Wines of the Lazio Region

The wine culture in Lazio dates back at least to the time of the Etruscans especially in the area of ​​Viterbo, but on the characteristics and extent of the territory, a great impact certainly had the development of Rome as an imperial capital. Once the empire was over, the winemaking tradition was collected by monasticism and then cultivated by the popes of the Renaissance (as shown by the rich variety of wines examined by Sante Lancerio, bottler of Pope Paolo III Farnese, in the 1559 writing of the quality of the wines) . In the eighteenth and nineteenth centuries the cultivation of wine in the state of the Church declined, until the arrival of the Piedmontese. At the end of the nineteenth century, the best known wines of Lazio were Castelli Romani, Frascati, Marino, l'Est! East!! Est !!!, all obtained from native vines.

A peculiarity of the region, favored by climatic conditions, was the widespread family wine production, even in areas not suitable for self-consumption. The modernization has mainly concerned the development of the social cellars, which have equipped themselves with industrial-sized wine-making plants. Over time, however, the evolution of viticulture has been rather slow, with a very gradual transition from promiscuous crops to breeding systems such as the Tent, mainly aimed at increasing the production quantity.

Climate, Territory and Cultivation systems of the vine

The climate of Lazio is subject to the morphology of the territory: in the internal part of the region there is a continental climate characterized by strong temperature variations between day and night, and also for seasons; along the coast there is a Mediterranean climate, which makes winters mild and summers cool thanks to the winds from the sea, allowing the perfect ripening of the grapes in the vineyards of Tuscia and in the area between Nettuno and Terracina.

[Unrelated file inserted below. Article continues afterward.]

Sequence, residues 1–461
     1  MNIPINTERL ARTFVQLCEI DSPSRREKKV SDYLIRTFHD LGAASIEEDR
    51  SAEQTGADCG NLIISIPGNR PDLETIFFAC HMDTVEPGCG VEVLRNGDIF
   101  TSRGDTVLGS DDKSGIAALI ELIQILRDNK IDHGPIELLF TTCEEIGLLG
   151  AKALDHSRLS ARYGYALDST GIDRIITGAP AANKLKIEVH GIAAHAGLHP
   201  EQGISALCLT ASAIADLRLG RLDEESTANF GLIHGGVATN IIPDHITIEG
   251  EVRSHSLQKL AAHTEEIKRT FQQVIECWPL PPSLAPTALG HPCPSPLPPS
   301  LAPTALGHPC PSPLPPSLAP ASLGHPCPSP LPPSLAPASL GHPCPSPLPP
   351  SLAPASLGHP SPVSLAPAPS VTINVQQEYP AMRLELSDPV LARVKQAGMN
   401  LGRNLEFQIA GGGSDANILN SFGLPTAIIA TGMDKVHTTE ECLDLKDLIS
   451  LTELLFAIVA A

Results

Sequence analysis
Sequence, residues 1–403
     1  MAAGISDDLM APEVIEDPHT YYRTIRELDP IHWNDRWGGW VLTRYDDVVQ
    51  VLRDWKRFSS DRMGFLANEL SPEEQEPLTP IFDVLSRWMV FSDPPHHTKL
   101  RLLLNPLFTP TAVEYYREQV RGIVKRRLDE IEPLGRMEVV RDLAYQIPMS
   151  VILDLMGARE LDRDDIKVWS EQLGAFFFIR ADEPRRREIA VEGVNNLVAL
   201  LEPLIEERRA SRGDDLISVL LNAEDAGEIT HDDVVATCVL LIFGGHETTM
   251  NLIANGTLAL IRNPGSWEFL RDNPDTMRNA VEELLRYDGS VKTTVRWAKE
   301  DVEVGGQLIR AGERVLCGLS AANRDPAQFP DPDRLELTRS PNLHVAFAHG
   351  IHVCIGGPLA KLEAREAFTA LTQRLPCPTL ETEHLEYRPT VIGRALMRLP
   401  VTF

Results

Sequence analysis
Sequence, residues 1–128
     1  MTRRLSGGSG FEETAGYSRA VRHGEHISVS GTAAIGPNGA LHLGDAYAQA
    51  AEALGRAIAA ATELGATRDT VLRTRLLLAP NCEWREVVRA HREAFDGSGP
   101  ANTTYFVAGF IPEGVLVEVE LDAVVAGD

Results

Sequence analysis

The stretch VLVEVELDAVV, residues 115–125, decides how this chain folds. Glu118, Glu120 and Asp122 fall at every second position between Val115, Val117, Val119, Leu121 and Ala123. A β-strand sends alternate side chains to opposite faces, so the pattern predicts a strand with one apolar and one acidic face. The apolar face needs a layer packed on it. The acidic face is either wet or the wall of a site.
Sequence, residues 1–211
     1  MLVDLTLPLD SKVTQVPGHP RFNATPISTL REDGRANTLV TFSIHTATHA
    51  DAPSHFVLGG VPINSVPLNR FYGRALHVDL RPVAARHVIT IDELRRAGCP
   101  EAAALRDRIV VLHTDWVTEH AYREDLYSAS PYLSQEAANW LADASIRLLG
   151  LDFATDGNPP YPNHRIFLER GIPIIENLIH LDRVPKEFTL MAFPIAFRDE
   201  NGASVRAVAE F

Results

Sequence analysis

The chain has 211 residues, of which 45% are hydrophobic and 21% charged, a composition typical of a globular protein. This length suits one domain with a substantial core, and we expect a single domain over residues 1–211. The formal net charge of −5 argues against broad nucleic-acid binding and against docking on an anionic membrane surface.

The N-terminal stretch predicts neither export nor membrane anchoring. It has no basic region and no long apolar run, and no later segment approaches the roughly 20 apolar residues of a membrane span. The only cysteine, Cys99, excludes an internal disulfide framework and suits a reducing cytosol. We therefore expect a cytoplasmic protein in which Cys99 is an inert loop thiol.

In the Wines of Castelli Romani production area and, more particularly, in the Alban Hills, climatic conditions are influenced by the proximity of the Tyrrhenian Sea, by a type of Crumbly Tuff Land, rich in Potassium and Phosphorus, and by the "Ponentino" a light sea breeze wind typical of the place which gives the wines of the Alban Hills, especially whites, a marked minerality. In the flat area, however, characterized by sandy and clayey soils rich in mineral properties, the cultivation of the Trebbiano Toscano, Chardonnay, Merlot and Sangiovese vines allows the production of excellent quality wines.

Along the coast of Cerveteri, the clayey-calcareous soils are characterized by the alluvial residues of the volcanic areas of the Toffa, allowing the production of aromatic and structured wines, while in the area of ​​the Roman hills, the characteristics of the volcanic soils with arenaceous, clayey and marly sediments , give the wines an intense color and fragrance, freshness and a good structure.

With regard to the systems of vine cultivation, the most used in Lazio are the Tendone, the Guyot and the spurred cordon. In some areas of the Castelli Romani and of the Lower Lazio, the typical Vines married to trees or to woven reeds, called shrimps, are still used.

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